It was perhaps Bloomberg’s bad luck that the EEOC suit came out just after a jury found against New York Knicks coach and general manager Isaiah Thomas in a civil case also involving sexual harassment. But with a bit of good fortune, the sexual harassment case against Bloomberg could be settled before he has to decide whether openly to campaign for the presidency as an independent. If that time comes, it would be nice if the national press began to connect all the dots outlining the discrepancies between Bloomberg’s rhetoric and his substantive record.

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The Coming Dirty-Bomb Attack

I had some x-rays taken by my dentist yesterday and I glanced nervously at the triangular radiation-caution marking on the device. For the Defense Science Board, a government-run panel composed of military and industry experts, has just issued a report that there are more than 1,000 irradiation machines used in hospitals and research laboratories across the United States that could be used by terrorists as a source of radioactive materials to construct a dirty bomb. “Any one of these 1,000-plus sources could shut down 25 square kilometers, anywhere in the United States, for 40-plus years,” the Washington Post quoted from the report yesterday. (Dental x-ray machines do not present a similar problem.)

The Defense Science Board is recommending that the hospital and laboratory radiation devices, typically left unguarded, either be secured or replaced with irradiators that use other less lethal materials. That is an excellent (if costly) idea and an urgent matter. But what about the thousands of such devices that are not in the United States? Is anyone worrying about them?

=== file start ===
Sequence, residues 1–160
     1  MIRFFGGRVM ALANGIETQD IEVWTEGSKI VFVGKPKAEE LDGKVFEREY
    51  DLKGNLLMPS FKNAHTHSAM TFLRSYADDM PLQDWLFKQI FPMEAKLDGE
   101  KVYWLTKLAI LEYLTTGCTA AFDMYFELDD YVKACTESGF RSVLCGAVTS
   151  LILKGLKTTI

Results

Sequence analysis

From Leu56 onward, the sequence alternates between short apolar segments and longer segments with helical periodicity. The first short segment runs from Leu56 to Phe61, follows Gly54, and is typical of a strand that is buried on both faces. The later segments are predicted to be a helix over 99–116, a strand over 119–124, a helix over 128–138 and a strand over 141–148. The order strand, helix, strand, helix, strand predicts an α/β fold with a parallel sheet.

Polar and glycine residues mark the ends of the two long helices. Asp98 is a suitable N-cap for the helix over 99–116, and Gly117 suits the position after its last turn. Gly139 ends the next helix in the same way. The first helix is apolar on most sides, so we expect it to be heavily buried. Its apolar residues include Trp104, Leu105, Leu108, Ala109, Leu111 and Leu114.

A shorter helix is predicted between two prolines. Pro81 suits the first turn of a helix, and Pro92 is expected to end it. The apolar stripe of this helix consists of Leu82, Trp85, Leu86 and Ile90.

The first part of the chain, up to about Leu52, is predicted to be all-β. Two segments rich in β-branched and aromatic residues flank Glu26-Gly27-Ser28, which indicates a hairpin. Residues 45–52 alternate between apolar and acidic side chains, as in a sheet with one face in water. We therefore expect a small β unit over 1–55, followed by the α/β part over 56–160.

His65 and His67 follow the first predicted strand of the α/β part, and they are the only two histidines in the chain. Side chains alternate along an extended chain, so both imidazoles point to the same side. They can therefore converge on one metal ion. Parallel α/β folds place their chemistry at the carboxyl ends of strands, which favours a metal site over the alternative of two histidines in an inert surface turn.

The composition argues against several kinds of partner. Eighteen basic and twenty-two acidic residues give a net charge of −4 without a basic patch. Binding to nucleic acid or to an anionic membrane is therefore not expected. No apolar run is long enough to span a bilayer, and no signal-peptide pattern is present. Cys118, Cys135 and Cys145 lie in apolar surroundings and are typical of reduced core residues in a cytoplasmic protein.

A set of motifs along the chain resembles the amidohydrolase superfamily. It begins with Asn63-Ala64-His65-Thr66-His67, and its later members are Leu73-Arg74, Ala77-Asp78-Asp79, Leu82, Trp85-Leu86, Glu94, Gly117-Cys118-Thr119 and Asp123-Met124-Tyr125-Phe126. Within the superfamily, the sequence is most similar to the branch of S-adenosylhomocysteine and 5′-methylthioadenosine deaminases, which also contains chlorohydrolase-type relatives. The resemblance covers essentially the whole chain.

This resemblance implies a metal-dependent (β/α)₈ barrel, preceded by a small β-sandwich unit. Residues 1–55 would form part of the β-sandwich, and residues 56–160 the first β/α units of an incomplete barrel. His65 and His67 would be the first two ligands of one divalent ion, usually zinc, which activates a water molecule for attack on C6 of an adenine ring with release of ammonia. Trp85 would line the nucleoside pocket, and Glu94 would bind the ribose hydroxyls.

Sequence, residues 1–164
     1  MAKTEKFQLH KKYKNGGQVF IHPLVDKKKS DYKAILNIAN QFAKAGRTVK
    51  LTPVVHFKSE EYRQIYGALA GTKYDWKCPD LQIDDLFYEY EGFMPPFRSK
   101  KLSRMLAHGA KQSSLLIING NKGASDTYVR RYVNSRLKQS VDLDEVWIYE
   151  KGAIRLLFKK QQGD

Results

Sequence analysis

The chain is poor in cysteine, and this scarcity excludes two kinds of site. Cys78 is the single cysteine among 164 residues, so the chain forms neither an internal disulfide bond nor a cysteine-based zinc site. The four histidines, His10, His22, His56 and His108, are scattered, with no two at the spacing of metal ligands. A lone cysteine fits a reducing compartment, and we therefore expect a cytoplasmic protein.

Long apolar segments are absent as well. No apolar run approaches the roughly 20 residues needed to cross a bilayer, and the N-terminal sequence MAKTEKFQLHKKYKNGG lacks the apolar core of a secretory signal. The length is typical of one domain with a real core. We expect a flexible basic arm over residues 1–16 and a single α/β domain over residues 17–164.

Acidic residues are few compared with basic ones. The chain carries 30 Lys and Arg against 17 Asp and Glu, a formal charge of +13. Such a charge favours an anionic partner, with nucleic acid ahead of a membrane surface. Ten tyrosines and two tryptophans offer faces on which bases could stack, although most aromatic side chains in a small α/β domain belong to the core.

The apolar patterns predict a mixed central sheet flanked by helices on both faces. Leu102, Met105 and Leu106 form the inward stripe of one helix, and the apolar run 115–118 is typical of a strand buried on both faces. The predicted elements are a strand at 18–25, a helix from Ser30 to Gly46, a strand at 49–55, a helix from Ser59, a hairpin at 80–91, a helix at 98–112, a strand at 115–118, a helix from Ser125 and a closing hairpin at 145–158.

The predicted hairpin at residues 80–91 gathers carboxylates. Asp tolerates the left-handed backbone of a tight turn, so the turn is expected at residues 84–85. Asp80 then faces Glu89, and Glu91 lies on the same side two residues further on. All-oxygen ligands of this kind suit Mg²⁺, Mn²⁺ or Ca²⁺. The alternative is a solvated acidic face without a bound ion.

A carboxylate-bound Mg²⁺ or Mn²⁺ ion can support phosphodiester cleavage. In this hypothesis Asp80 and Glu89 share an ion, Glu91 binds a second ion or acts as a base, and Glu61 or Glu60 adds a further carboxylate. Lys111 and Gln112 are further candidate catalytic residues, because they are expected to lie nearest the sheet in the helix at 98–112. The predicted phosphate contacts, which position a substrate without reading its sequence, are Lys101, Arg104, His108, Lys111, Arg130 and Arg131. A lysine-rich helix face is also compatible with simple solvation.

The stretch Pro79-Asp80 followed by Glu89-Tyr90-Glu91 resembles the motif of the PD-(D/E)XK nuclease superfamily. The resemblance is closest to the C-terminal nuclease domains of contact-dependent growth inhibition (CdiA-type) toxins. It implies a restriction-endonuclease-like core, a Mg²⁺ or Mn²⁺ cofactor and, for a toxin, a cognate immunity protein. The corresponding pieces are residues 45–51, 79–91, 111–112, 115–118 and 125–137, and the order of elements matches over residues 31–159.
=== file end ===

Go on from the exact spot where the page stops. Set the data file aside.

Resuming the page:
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I had some x-rays taken by my dentist yesterday and I glanced nervously at the triangular radiation-caution marking on the device. For the Defense Science Board, a government-run panel composed of military and industry experts, has just issued a report that there are more than 1,000 irradiation machines used in hospitals and research laboratories across the United States that could be used by terrorists as a source of radioactive materials to construct a dirty bomb. “Any one of these 1,000-plus sources could shut down 25 square kilometers, anywhere in the United States, for 40-plus years,” the Washington Post quoted from the report yesterday. (Dental x-ray machines do not present a similar problem.)

The Defense Science Board is recommending that the hospital and laboratory radiation devices, typically left unguarded, either be secured or replaced with irradiators that use other less lethal materials. That is an excellent (if costly) idea and an urgent matter. But what about the thousands of such devices that are not in the United States? Is anyone worrying about them?

One country—or set of countries—of particular concern is Russia and the rest of the former USSR. The intelligence community’s primary concern with Russia has been the possibility that some of its nuclear weapons will come loose and fall or be sold into terrorist hands. While that danger remains a theoretical possibility, another, more realistic menace has been with us already for a long time.